We serve over 170 million customers. The reality is that there is high demand for data and broader consumption of services. The challenge in our markets is that average revenue per customer (ARPU) is very low. These are middle or lower income countries. In some cases, the ARPU is only $1.20. This means that the investment we can pull in is constrained because the top line growth isn’t matched by the capacity we’re creating. Our intensity of capex to revenue is higher than the telco average. The question is how to provide sufficient returns to allow telcos to continue investing and ensure that the industry is viable in the long term. This is where we must have discissions with regulators. The first step has been taken by the industry itself through consolidation. Where we once had a five-player market, we now have only two or three players. This creates a more sustainable position for the operators. Regulators should allow network sharing and issue universal licenses, where MNOs can provide other services like fixed broadband.  

Without these components – the right financial, tax and regulatory environment – telcos will become the biggest bottleneck in the ecosystem. This will be entirely because of an inability to invest.

One of the critical issues is spectrum. It must be recognised that spectrum pricing is an offset to the capacity you put in place. Spectrum also needs to be technology neutral. A second issue is creation of predictable and sustainable tax environment that supports more investment. A third issue which is becoming very important is that we are no longer dealing with one regulator. We have to work with telecoms and mobile regulators, finance regulators, central banks, information regulators and so on. We need a common understanding so that we can discuss how the industry can be viable. The biggest challenge is return on investment. So the discussion around fair share, how you encourage other constituents in the ecosystem to contribute, is an important part of ensuring that consumers get what they want while making investment more palatable for the telco players. Without these components – the right financial, tax and regulatory environment – telcos will become the biggest bottleneck in the ecosystem. This will be entirely because of an inability to invest.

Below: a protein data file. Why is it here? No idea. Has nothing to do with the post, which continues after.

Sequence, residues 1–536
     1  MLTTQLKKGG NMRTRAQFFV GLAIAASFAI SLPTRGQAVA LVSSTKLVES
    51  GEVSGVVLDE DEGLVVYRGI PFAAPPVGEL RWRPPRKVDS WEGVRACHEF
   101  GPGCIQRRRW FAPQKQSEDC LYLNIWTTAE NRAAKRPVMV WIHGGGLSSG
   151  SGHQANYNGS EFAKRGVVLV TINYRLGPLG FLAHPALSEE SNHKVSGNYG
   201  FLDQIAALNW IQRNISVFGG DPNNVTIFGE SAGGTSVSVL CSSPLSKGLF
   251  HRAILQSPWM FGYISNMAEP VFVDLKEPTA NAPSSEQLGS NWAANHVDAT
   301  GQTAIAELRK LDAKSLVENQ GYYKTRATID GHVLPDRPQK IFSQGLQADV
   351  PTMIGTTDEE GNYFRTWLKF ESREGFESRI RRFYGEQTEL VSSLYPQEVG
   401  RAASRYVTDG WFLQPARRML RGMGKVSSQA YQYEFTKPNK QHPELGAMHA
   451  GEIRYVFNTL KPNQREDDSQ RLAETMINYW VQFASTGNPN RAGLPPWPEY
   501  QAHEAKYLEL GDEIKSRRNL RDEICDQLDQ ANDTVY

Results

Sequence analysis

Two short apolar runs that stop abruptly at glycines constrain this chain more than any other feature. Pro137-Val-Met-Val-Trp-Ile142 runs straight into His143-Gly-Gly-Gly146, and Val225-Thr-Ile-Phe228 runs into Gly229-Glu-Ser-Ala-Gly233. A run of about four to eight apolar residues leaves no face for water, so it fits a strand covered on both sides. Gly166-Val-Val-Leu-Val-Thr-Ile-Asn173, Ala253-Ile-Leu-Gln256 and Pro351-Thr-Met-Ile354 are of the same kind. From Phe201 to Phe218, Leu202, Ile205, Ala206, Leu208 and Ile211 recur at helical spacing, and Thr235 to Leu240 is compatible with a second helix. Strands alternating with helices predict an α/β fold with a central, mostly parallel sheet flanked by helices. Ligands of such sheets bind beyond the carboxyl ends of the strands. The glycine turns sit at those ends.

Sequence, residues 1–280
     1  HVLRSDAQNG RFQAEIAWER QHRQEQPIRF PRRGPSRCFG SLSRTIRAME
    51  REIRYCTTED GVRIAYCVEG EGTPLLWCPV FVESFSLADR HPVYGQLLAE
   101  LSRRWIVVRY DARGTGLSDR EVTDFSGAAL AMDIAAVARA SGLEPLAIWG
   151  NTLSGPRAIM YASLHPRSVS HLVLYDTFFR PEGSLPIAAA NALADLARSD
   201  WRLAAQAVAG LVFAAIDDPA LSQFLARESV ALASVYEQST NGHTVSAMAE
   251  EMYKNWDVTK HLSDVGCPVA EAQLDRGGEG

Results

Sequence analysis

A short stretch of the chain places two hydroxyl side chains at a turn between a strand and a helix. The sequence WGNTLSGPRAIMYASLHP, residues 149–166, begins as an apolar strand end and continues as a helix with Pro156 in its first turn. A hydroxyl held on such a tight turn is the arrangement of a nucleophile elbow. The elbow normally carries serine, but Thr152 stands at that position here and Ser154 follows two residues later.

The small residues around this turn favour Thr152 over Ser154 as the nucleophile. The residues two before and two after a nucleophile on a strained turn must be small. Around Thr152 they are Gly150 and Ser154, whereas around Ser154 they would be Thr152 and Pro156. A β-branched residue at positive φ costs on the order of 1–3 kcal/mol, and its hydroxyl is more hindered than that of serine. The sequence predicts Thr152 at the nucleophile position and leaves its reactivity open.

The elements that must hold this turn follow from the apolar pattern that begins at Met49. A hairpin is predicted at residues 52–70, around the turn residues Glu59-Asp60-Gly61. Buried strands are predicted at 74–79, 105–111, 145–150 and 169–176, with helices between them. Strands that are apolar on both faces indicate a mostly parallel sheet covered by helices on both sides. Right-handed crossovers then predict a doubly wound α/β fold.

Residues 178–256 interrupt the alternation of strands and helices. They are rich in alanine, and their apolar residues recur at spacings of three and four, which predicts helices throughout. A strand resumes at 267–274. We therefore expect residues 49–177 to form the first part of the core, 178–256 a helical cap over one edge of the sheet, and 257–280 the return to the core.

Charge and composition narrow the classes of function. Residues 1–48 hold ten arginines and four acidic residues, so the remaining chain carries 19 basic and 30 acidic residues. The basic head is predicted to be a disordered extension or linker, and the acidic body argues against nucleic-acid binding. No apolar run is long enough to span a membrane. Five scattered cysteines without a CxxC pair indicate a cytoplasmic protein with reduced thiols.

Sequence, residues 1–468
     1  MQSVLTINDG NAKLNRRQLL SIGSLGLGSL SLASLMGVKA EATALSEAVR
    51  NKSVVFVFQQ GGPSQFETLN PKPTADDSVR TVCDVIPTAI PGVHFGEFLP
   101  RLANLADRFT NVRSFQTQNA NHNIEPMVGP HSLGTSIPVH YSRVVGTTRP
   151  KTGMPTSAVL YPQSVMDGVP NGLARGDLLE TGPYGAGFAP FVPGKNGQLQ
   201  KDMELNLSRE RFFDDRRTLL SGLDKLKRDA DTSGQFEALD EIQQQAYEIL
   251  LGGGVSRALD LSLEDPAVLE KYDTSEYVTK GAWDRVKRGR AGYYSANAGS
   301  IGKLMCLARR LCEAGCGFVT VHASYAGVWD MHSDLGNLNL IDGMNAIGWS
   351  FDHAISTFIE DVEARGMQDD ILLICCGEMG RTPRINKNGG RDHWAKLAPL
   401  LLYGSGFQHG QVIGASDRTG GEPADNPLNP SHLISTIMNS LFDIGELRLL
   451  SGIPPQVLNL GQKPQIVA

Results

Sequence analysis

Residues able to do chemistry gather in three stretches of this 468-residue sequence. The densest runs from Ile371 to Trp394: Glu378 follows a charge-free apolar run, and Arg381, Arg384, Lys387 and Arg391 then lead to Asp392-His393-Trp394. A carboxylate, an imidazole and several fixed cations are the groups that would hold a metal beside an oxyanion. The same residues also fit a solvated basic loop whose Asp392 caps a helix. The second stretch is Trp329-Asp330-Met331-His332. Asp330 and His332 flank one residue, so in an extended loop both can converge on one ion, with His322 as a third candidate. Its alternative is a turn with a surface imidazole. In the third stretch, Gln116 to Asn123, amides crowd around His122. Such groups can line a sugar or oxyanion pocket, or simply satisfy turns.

How does sustainability fit into your business strategy?

Our framework is built on the four pillars of advancing digital societies, advancing our people and communities, advancing the green economy and driving governance and risk. For each one of these we think about how we can make an impact. For example, under digital societies, inclusivity is our main focus – ensuring as many people as possible are connected and use services such as education, health and financial services. In advancing our people it’s about diversity. Many of the countries in which we operate don’t have strong governance frameworks, but we aim to adopt best practices in every market. Although we ensure that we fully comply with regulatory requirements, we are moving beyond compliance and thinking about risk. If we don’t take a particular action, what are the risks to the business and how does that affect the business strategy. What is the downside risk if you don’t invest, for example. Which is why we’re increasingly making sustainability a part of the business strategy, rather than just an issue of compliance. This is a focus for everyone now and one of the top agenda items for the Axiata board.


What’s your favourite quote?

It’s not over until it’s over.

Tea or coffee?

Coffee. I come from a tea-drinking country, but if you don’t find consistency then you don’t enjoy it. Whereas with coffee if it’s not your tradition you can still enjoy it.

Mountains or beaches?

Mountains. I come from a mountainous part of India, and they take me back to my childhood.

Early mornings or late nights?

Early mornings.